Early’s exit isn’t a complete jaw-dropper. GFW Live stepped out on the wrong foot when in launched in May 2007 and has a mixed rap with gamers. It was Vista-only at a time when Vista was persona non grata. It was styled like someone lazily screen-scraped the overlay from Xbox LIVE – an interface modeled for standard definition TVs – and clumsily shoehorned it into a space designed for keyboard/mouse and much sharper video resolutions.
The first few games that supported the service had teething troubles. Shadowrun – a multiplayer-only shooter – had little to do with its esteemed license, and further estranged online shooter wonks by shipping with a paltry nine maps. Just a few months later, it’s developer, FASA Studio, sadly shut down.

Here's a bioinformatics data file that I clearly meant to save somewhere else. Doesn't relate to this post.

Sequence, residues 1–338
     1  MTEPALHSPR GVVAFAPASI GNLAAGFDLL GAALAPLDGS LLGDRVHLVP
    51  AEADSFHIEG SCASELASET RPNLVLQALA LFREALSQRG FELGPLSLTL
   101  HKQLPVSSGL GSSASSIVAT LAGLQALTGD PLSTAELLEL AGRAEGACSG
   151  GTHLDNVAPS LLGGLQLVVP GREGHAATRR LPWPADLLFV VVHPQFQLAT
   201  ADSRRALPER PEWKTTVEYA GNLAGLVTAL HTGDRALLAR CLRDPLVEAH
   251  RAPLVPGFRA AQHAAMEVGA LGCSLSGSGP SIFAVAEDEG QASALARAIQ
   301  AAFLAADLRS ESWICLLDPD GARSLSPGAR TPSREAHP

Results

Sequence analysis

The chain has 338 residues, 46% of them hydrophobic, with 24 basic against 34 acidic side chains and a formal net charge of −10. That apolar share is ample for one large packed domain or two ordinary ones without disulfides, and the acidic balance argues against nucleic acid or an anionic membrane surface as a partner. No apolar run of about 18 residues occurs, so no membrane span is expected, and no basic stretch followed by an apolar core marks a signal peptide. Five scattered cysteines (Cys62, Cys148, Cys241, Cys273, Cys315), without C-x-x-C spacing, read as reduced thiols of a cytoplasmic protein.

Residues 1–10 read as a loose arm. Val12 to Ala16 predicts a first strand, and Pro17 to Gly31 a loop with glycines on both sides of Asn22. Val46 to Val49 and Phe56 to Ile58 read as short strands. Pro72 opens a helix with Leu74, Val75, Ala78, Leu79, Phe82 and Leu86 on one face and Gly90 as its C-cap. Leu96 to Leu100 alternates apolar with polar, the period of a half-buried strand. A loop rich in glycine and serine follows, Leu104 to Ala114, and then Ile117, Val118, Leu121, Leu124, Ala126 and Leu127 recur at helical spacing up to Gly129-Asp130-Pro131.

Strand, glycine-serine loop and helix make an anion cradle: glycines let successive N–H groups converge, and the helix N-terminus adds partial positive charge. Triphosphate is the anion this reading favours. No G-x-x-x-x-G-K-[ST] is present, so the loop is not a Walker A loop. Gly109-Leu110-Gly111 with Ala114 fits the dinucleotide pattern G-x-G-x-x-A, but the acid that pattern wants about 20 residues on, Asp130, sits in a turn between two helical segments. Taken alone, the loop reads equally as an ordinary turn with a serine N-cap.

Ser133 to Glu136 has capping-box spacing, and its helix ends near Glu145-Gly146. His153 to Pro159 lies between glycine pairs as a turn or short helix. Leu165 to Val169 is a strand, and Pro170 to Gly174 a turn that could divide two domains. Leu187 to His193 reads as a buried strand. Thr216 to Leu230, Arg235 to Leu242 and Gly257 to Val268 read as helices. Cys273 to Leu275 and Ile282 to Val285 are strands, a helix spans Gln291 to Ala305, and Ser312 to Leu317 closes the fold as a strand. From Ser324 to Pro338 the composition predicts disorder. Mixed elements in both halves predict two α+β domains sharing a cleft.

Last November, the service “rebooted,” remedying many of GFW Live’s shortcomings, but the changes were well past overdue. It took Microsoft roughly a year to smooth over rough edges, when it should have taken months. With online delivery juggernauts like Impulse and Steam offering vast catalogues of games for instantaneous download, along with increasingly sophisticated community interaction, Microsoft could ill afford to let GFW Live languish.
We’re probably seeing some of the fallout from the service’s inability to effectively adapt in Early’s departure.
Matt Peckham is still waiting for the other shoe(s) to drop. You can follow his dispatches at twitter.com/game_on.
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